First responders, such as EMTs and firefighters, can bring a strong knowledge of emergency preparedness while pediatricians and dentists can speak about physical and oral health. Nutritionists and dieticians can address issues of healthy weight. And doulas and lactation consultants can identify important concerns for expectant families and families with infants. But first you need to make sure that you can define the criteria for membership so that you encourage participation from community partners that you want to recruit and retain. If you have trouble getting members to join, think creatively not only about how you recruit them but also about challenges to their participation.
The timing and location of meetings can be very important considerations. Lunchtime is quite popular among many programs. Early morning meetings may work best for others. Some programs hold meetings following pediatric grand rounds at their local hospital. Attendance is excellent because they found times when members could take a moment from their duties to sit down and reflect on how to better serve children and families. There are very real challenges to participating in meetings. Family members may be working or attending school. Taking time off to go to a daytime meeting is often impossible. Working professionals also face challenges that make it difficult to take time away from work when everyone is busy and accountable to their own organization.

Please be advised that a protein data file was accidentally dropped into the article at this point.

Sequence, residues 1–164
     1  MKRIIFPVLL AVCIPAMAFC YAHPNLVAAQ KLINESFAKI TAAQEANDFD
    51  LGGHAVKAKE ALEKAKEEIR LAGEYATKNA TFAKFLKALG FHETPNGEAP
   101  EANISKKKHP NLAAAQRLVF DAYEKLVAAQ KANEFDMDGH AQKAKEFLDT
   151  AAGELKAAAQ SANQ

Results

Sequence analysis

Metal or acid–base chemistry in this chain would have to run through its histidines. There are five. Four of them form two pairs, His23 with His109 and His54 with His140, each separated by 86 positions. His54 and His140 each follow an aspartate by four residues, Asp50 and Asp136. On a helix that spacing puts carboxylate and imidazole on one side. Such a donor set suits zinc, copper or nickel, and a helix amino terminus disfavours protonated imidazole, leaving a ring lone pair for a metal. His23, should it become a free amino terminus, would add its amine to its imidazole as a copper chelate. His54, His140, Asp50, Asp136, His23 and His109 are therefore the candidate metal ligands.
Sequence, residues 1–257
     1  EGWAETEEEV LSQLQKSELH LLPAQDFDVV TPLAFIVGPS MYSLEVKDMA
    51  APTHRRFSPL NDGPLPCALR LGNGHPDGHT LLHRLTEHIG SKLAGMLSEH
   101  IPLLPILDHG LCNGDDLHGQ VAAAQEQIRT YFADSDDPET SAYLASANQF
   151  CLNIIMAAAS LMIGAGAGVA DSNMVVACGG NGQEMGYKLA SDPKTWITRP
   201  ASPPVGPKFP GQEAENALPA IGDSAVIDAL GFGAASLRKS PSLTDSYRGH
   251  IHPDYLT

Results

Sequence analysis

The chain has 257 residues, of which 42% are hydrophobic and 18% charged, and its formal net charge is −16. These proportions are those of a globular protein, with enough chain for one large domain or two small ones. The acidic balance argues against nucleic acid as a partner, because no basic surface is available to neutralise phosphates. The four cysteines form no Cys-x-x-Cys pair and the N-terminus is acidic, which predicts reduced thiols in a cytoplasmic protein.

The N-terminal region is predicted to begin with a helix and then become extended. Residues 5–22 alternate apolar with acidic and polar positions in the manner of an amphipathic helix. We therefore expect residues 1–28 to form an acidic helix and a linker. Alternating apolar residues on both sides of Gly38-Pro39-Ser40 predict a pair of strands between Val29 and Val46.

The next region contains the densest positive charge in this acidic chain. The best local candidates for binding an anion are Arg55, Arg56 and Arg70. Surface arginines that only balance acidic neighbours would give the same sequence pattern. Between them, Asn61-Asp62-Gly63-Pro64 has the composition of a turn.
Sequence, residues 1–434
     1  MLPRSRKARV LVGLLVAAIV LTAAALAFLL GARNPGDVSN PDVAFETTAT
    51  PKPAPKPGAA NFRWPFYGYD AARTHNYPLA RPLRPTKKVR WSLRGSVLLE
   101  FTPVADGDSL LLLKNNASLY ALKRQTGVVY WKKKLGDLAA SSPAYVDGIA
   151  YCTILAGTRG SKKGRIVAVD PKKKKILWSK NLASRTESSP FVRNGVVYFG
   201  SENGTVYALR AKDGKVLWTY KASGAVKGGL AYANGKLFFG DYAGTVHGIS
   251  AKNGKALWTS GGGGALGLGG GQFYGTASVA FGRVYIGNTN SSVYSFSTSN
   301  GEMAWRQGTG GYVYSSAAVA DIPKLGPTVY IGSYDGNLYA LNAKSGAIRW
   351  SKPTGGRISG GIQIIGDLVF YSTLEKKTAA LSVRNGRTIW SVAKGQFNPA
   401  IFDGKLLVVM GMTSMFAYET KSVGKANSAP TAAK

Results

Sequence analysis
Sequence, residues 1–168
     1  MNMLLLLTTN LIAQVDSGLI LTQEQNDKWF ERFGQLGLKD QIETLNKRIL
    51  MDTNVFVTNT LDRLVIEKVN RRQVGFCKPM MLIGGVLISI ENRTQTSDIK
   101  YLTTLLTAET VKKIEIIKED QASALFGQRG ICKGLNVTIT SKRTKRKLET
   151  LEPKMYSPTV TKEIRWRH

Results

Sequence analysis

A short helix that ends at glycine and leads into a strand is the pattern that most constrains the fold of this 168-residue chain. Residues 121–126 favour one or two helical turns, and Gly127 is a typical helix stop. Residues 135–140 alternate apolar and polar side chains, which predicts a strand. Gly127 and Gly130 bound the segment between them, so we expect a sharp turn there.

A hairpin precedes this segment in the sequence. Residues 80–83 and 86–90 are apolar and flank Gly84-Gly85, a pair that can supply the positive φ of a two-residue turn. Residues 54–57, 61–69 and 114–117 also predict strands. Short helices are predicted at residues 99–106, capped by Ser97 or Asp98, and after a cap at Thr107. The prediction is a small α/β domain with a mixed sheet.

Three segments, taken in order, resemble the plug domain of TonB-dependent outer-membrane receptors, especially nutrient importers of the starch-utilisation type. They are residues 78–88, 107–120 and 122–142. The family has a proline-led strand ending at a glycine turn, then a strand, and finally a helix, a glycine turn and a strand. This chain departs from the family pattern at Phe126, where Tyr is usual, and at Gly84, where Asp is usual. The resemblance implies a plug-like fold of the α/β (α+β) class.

In fact, a 2012 survey by the Physicians Foundation found that fewer than one-quarter of respondents had time to assume additional duties. Benjamin Franklin was famously quoted as saying, "Time is money." Today, there is a cost to doing business including attending meetings. There is an associated cost when providers are not engaged in direct care. Geographic distance is another significant challenge for many health professionals who would like to attend a Health Services Advisory Committee on site.
Distance can be a barrier in an urban setting. It is even more of a challenge in rural and frontier communities, tribal lands, or geographically diverse communities when grantees are spread over ten or more counties. Some specialists and experts may be even further away. In one study, the average distance families had to travel to see a developmental pediatrician was 44 miles. Other specialists reported an average of 75 miles.
Nancy Topping-Tailby: Fortunately, there are solutions to these challenges. Programs can use
technology to engage local health experts with time and distance challenges. These members can